- tapioca flour (to sprinkle on the dough prior to rolling it)
- Put the wet ingredients ( the olive oil, molasses, egg, and vanilla) into a food processor and mix. Add the dry ingredients ( almond flour, coconut sugar, cinnamon, ginger, cloves, and baking soda) to the food processor and mix until a dough forms.
- Remove the dough from the food processor and form into a ball shape with your hands. It can help to use a rubber spatula and put the dough into a bowl and then, grab it and form it into a ball. Put the ball into a bowl, cover the bowl in cling wrap and refrigerate for 30 minutes.
- Preheat the oven to 350 degrees. Line a cookie sheet with a silicone mat.
- Sprinkle some tapioca flour on a piece of parchment paper. Cut the dough in half ( put the other back in the fridge) and put it on the parchment paper with tapioca flour on it. Sprinkle tapioca flour on top of the dough. Then, roll the dough out between the 2 pieces of parchment paper with a rolling pin, until ¼ inch thick. Cut the dough with gingerbread man cookie cutters. Note: If the dough is too sticky and sticks to the cookie cutter, wet the cookie cutter. If the dough sticks to the parchment paper, sprinkle a little tapioca flour onto the parchment paper. I noticed that using metal cookie cutters was easier than plastic ones.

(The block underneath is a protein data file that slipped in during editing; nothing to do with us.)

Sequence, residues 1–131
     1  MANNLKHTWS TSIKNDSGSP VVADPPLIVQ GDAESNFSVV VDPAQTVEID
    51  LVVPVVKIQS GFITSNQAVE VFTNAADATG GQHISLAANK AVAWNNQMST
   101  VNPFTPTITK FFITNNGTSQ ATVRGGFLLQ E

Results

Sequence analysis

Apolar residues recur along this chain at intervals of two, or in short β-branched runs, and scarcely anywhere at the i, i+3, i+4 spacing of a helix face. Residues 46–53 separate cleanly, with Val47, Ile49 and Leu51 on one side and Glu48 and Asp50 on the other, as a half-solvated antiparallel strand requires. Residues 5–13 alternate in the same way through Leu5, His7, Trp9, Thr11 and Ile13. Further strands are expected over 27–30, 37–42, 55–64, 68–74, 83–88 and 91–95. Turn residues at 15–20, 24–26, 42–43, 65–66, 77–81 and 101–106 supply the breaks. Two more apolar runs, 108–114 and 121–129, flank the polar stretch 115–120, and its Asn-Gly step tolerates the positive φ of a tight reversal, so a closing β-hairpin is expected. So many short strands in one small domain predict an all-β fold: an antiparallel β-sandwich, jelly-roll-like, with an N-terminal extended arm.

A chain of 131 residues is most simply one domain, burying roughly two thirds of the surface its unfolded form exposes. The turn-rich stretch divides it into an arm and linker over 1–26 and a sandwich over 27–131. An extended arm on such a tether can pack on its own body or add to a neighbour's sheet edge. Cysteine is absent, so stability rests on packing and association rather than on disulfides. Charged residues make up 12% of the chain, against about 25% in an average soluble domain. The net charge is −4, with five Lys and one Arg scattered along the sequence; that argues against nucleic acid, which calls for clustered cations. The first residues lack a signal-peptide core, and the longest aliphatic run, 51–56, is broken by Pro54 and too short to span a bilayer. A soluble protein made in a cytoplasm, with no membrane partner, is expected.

- Repeat with the other half of the dough. Once all the gingerbread shapes are cut from the dough, take the dough scraps and form into a ball and roll it out again. Keep doing this until all the dough is used up and cut into shapes. Note: you may need to put the dough in the fridge or freezer in between rolling it out to harden it a bit.
- Place the gingerbread men shapes onto a lined cookie sheet. Bake for 8 to 10 minutes or until edges of cookies are set and just begin to brown. Cool on the cookie sheet for 1 – 2 minutes. Remove and put on wire racks to cool. Decorate cookies once they are cooled.